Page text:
American announced the full details of their basic economy fares at the beginning of the year. While Delta introduced basic economy fares several years back, American and United became significantly more punitive with these fares.
For example, in the case of American, those booking basic economy fares:
- Aren’t able to select seats in advance; instead they’re automatically assigned seats at check-in, or can pay to assign seats 48 hours out
- No upgrades are permitted, even for elite members
- Only a personal item can be taken on the plane, and not a full size carry-on
- They have to board with the last boarding group
- Tickets are non-refundable and non-changeable, even at a fee
- Full redeemable miles and elite qualifying dollars are awarded for these fares, though only half elite qualifying miles and segments are awarded
In February American began selling basic economy fares in 10 city pairs, though they haven’t expanded it nationwide yet. Meanwhile United decided to rip the band-aid off quickly, and introduced basic economy on virtually all domestic flights as of late May. They reported that just over 30% of people were booking these basic economy fares. They admit they’ve lost some business because of how prevalent basic economy fares are, and have backtracked slightly as a result. Specifically, they’ve removed basic economy fares on some high last minute fares in expensive markets. It’s insulting to be asked for an extra $40 to take on a carry-on when you’re paying $1,000 for a last minute ticket.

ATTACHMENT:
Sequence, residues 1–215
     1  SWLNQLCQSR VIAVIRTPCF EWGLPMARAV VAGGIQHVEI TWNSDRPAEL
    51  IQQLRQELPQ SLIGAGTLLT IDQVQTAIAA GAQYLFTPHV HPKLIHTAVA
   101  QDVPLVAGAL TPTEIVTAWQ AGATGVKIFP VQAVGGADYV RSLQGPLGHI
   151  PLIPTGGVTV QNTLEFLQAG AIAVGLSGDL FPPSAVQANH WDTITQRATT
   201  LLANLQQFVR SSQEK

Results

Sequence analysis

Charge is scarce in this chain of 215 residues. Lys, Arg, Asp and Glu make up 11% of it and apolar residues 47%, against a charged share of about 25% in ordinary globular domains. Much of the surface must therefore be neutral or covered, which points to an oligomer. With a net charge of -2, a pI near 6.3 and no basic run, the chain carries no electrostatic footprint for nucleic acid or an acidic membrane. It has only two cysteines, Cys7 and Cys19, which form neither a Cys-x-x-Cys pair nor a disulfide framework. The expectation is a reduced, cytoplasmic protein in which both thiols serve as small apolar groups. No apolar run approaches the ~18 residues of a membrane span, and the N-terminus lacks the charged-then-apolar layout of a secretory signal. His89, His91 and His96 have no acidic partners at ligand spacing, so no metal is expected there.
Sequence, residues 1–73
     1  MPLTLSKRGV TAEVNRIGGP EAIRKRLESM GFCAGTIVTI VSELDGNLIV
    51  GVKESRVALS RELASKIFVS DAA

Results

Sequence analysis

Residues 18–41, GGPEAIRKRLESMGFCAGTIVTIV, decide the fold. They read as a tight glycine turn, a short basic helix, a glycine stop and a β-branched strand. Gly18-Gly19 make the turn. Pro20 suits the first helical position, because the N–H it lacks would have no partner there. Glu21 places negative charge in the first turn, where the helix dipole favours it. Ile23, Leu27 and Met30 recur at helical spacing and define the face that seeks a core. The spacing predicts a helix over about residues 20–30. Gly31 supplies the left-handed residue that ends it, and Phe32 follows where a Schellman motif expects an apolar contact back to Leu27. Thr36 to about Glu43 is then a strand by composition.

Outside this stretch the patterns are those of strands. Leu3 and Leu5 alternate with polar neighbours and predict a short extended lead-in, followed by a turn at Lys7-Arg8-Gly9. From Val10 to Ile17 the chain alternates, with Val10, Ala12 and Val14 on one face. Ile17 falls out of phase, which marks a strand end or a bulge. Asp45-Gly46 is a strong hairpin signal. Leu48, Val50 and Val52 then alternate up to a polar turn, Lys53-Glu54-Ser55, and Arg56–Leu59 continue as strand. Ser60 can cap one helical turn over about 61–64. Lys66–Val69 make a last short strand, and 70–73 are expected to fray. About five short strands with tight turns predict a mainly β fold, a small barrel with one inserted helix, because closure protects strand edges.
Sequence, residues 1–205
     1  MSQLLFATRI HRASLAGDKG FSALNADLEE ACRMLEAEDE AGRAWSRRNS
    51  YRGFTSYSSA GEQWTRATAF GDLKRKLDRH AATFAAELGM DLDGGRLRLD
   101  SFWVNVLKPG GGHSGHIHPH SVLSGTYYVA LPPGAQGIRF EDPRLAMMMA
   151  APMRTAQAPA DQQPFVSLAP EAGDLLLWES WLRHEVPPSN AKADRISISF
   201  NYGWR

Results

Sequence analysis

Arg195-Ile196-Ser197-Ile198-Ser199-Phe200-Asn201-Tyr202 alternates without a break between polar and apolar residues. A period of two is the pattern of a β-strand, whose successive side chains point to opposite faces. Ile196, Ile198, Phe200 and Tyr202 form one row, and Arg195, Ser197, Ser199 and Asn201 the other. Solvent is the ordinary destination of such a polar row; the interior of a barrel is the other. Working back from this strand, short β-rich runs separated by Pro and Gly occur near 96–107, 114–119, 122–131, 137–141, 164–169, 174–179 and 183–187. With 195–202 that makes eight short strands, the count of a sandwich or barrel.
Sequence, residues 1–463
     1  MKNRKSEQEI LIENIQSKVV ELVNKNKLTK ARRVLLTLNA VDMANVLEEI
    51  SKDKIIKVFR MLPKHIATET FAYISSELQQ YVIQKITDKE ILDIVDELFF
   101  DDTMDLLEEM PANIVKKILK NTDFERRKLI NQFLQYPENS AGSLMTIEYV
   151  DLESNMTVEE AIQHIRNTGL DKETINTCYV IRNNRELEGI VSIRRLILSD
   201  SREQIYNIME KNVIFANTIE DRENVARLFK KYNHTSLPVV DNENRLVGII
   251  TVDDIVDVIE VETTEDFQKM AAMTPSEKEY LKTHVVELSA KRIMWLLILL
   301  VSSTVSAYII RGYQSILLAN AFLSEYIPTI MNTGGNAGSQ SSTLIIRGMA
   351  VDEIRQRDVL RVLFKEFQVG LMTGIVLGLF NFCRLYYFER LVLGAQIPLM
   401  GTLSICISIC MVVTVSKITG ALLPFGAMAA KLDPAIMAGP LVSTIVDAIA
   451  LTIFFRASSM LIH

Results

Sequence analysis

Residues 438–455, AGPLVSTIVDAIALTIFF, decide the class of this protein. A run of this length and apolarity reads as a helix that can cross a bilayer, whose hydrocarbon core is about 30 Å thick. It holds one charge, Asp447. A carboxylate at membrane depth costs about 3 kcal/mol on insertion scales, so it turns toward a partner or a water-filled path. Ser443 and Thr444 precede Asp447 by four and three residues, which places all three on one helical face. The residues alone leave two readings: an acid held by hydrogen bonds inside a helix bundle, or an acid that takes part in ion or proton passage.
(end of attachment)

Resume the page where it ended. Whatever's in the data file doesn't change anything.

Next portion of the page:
View from the Wing notes how on today’s second quarter earnings call, American said that they plan on rolling out basic economy on virtually all domestic flights by the end of September 2017. This is despite:
- American acknowledging they’ve seen some “share shift” from United, given that United has rolled out basic economy nationwide, and it has caused some people to book on American
- United saying they’ll see some of those passengers back on their planes once American expands basic economy, since American will no longer have a competitive advantage
This is also a reflection of the fact that basic economy fares don’t actually lead to airlines introducing lower fares, but rather airlines instead charging more to get the same thing you got before (or else United wouldn’t see people booking American instead). We saw this clearly when United first introduced basic economy.
Unfortunately this will be yet another devaluation for American frequent flyers. We’ll have to pay extra just for the privilege of taking advantage of many of our elite benefits. Given how uncompetitive the US airline industry has become, American will get away with this, and I suspect it will improve their bottom line.